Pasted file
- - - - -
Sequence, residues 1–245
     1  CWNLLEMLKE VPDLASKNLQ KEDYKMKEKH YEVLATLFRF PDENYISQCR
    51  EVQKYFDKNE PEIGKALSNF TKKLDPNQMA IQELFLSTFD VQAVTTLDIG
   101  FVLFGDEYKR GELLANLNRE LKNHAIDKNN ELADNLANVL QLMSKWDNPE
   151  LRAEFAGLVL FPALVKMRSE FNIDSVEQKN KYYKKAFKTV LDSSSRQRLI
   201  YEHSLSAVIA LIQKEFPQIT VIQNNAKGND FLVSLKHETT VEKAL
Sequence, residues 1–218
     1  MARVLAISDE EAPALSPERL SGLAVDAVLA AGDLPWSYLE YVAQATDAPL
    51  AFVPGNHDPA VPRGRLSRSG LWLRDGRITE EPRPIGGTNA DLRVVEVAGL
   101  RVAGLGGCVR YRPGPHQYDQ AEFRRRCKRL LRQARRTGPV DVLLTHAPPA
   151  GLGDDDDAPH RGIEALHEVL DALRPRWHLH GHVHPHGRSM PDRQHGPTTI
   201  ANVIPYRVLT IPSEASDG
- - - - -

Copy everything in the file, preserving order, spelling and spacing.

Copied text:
Sequence, residues 1–245
     1  CWNLLEMLKE VPDLASKNLQ KEDYKMKEKH YEVLATLFRF PDENYISQCR
    51  EVQKYFDKNE PEIGKALSNF TKKLDPNQMA IQELFLSTFD VQAVTTLDIG
   101  FVLFGDEYKR GELLANLNRE LKNHAIDKNN ELADNLANVL QLMSKWDNPE
   151  LRAEFAGLVL FPALVKMRSE FNIDSVEQKN KYYKKAFKTV LDSSSRQRLI
   201  YEHSLSAVIA LIQKEFPQIT VIQNNAKGND FLVSLKHETT VEKAL
Sequence, residues 1–218
     1  MARVLAISDE EAPALSPERL SGLAVDAVLA AGDLPWSYLE YVAQATDAPL
    51  AFVPGNHDPA VPRGRLSRSG LWLRDGRITE EPRPIGGTNA DLRVVEVAGL
   101  RVAGLGGCVR YRPGPHQYDQ AEFRRRCKRL LRQARRTGPV DVLLTHAPPA
   151  GLGDDDDAPH RGIEALHEVL DALRPRWHLH GHVHPHGRSM PDRQHGPTTI
   201  ANVIPYRVLT IPSEASDG